There are some obscure events in the Bible which have such profound lessons, yet it is easy to overlook them. We often rob ourselves of the treasures which could enrich our lives. These stories give such great insight into our God and how He deals with mankind. One of these stories concerns Nebuchadnezzar, the Babylonian king who conquered and destroyed Jerusalem in the days of Daniel.
First, a history lesson. The city of Tyre was the major port city of the ancient kingdom of the Phoenicians. It had a major role in shaping many events in the Old Testament world. As Babylon and King Nebuchadnezzar were reaching great heights, Nebuchadnezzar brought his army and besieged the city.
The Bible prophesied that God would use Babylon (Ezekiel 26) as His army to punish the wicked inhabitants of Tyre for this wickedness. For thirteen years (598-585 B.C.), Nebuchadnezzar’s army attempted to conquer the city, but just before it fell, those in the city removed its treasures by using their ships, and when the army entered the city, there was little left for them. God had used His servant Nebuchadnezzar (see Jer. 25:9), to accomplish His will and bring destruction on Tyre.
This Babylonian king continued to spread the borders of his kingdom, conquering Jerusalem, and the great wealth of Egypt lay before him. Read carefully these words from Ezekiel and learn one of those great truths so many often overlook.
“Son of man, Nebuchadnezzar king of Babylon caused his army to labor strenuously against Tyre; every head was made bald, and every shoulder rubbed raw; yet neither he nor his army received wages from Tyre, for the labor which they expended on it. Therefore thus says the Lord GOD: ‘Surely I will give the land of Egypt to Nebuchadnezzar king of Babylon; he shall take away her wealth, carry off her spoil, and remove her pillage; and that will be the wages for his army. I have given him the land of Egypt for his labor, because they worked for Me,’ says the Lord GOD” (Eze. 29:18-20).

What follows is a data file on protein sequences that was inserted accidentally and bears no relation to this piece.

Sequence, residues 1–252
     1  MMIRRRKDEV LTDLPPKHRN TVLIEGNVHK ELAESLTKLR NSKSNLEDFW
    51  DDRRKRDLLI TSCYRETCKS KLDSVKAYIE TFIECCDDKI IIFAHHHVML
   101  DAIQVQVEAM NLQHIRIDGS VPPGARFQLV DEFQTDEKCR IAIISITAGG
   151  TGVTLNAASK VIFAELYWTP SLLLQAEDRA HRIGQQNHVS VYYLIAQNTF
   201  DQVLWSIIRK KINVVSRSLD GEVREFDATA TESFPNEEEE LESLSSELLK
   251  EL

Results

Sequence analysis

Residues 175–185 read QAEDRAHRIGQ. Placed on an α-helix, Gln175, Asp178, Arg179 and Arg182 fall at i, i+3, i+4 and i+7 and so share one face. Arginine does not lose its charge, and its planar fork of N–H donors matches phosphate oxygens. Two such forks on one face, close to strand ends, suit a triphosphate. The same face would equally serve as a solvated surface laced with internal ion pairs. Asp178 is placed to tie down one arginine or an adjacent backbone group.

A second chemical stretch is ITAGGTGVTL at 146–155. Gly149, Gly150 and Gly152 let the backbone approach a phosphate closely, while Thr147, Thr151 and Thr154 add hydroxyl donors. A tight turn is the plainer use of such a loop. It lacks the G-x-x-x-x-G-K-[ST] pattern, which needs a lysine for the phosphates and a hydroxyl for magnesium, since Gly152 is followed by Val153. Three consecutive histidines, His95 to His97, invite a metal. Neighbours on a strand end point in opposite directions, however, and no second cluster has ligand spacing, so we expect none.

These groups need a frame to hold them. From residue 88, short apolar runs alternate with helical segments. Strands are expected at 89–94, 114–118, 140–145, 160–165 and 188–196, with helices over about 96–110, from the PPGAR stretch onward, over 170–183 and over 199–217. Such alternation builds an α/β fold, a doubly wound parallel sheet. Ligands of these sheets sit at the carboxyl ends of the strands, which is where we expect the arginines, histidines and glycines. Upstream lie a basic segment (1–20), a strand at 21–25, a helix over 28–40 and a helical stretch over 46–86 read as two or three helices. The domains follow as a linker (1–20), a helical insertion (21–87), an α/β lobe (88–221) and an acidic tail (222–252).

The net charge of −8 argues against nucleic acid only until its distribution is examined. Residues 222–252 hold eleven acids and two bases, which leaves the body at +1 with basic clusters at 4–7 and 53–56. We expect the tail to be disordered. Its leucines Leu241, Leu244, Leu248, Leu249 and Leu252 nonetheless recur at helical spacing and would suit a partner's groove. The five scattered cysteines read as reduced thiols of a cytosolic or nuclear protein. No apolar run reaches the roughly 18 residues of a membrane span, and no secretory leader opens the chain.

Herein lies a great story giving us such insight into the nature of our God. God had used a pagan king and his army to do His will, yet His nature demanded that wages be given to them. Those wages did not come from Tyre, but from the vast treasures of Egypt.
Now think about it. If God does not overlook the service given by pagans, just imagine how He sees the service His children give to Him. Think of a cup of cold water being given in His name! God sees it all. Whatever we sow, we will reap. Rest assured, He will reward His children!